The COVID-19 pandemic highlighted the need for a renewed focus on addressing health disparities and unmet social determinants of health (SDOH).
Many individuals on Medicaid utilize public programs such as free or reduced cost school lunches and employment assistance programs. When COVID-19 stay-at-home orders and service disruption began, many of these individuals lost access to these community resources and faced new financial restrictions that made it difficult to meet their basic needs.
There is a continued need to identify and analyze data where we see negative health outcomes tied directly to unmet SDOH. There is also a great opportunity to see how we can engage with communities, build trust and instill confidence in the health system to help historically underserved communities. This is most impactful through partnerships with community-based organizations, faith-based organizations, and working with local leaders to understand unique community needs, fostering conversations around health education.
Building health equity
The COVID-19 pandemic introduced programmatic flexibilities that allowed states to leverage new technologies like telehealth to better care for individuals enrolled in Medicaid. While these technologies addressed some health disparities, like lack of access to transportation, they created new disparities, including lack of reliable access to the internet and unfamiliarity with technology resources. As we look to harness digital health, it will require health system considerations regarding potential access issues to ensure that we do not exacerbate existing disparities.
Building health equity by addressing health disparities
Addressing health disparities is health equity in action. At UnitedHealthcare Community & State, we are continuously improving how we collect and analyze data at the state and federal level to create actionable goals that address health disparities. By understanding exactly where there is a need and who that need is impacting, we can create interventions for lasting solutions.
For example, our work in the maternal health space is introducing new support options in local communities. Using data, we identified that mothers in certain communities were seeing poor health outcomes and giving birth to babies with low birth weights. After listening to mothers in these areas and exploring data-backed evidence, we are helping build capacity for doulas, or professionally trained labor companions, to support new moms. We continue to look for new ways to build social and community infrastructure to support positive maternal outcomes. We’re using strategies like value-based purchasing and inviting different voices to the table, including organizations like March of Dimes, to discuss new solutions to improve these outcomes.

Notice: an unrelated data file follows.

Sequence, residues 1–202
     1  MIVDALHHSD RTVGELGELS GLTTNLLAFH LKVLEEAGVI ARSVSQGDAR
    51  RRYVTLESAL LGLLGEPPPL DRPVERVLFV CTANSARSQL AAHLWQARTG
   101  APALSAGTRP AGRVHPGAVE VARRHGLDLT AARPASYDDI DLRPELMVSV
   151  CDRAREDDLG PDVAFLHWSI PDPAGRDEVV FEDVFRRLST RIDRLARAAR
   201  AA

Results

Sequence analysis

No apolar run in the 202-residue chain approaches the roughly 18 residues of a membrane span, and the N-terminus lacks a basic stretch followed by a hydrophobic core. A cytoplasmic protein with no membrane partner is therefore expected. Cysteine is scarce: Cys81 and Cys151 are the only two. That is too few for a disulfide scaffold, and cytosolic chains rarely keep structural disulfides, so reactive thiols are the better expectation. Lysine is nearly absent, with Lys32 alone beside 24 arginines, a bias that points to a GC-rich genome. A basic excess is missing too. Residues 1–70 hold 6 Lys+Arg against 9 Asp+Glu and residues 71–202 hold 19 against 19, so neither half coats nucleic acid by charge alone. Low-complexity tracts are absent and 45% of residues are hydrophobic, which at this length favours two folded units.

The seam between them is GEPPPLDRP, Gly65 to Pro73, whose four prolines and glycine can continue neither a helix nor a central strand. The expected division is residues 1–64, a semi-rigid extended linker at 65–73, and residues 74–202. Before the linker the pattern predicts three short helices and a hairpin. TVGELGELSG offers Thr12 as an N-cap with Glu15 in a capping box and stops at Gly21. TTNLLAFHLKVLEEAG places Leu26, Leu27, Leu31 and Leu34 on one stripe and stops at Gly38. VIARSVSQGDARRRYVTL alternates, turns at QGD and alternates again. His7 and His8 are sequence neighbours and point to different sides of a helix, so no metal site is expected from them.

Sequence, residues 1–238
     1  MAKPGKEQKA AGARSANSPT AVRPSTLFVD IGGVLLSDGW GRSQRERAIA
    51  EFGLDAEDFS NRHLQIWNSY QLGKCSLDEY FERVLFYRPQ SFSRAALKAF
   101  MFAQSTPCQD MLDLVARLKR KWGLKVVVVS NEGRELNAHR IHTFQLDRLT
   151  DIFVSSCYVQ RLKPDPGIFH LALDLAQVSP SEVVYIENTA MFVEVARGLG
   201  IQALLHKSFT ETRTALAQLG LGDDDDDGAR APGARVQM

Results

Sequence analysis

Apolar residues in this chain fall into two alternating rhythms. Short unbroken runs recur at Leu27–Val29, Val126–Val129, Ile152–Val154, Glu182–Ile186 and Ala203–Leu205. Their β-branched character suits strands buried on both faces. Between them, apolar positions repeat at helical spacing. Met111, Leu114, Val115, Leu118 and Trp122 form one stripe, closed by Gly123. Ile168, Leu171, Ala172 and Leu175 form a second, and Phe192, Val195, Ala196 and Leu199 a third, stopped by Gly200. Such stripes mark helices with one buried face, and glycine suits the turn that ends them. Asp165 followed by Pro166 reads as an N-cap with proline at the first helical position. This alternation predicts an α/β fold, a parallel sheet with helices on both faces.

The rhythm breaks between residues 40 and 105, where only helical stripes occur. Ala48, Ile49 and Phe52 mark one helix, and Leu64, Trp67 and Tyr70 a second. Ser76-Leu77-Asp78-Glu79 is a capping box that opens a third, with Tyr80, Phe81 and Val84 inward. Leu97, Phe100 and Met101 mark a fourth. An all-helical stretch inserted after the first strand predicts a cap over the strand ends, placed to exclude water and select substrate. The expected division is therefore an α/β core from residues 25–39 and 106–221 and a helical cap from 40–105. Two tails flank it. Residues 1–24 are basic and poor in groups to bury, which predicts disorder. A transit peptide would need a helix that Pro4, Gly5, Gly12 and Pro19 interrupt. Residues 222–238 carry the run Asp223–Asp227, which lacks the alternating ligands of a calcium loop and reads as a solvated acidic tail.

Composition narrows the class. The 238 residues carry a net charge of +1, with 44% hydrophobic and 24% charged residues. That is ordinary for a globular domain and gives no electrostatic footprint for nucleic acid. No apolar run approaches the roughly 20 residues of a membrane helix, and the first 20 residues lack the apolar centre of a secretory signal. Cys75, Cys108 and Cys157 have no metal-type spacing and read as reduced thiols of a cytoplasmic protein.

COVID-19 exacerbated unmet SDOH
As COVID-19 vaccination rates increase and we look toward a post-public health emergency world, we enter a new phase of understanding and addressing how health disparities were impacted by the pandemic. We have already seen conditions like substance use disorders and other behavioral health conditions become more prevalent since the beginning of the pandemic. Tracking and analyzing these trends with data will be critical to ensuring that we are addressing these issues with effective solutions.
As a natural evolution of our focus on addressing unmet SDOH, we are working with data and communities to identify and address the root causes of health disparities and improve health outcomes. By listening, collaborating and partnering to provide support where it is needed most, we can help communities, providers and community-based organizations come together to deliver the care and support that our members need.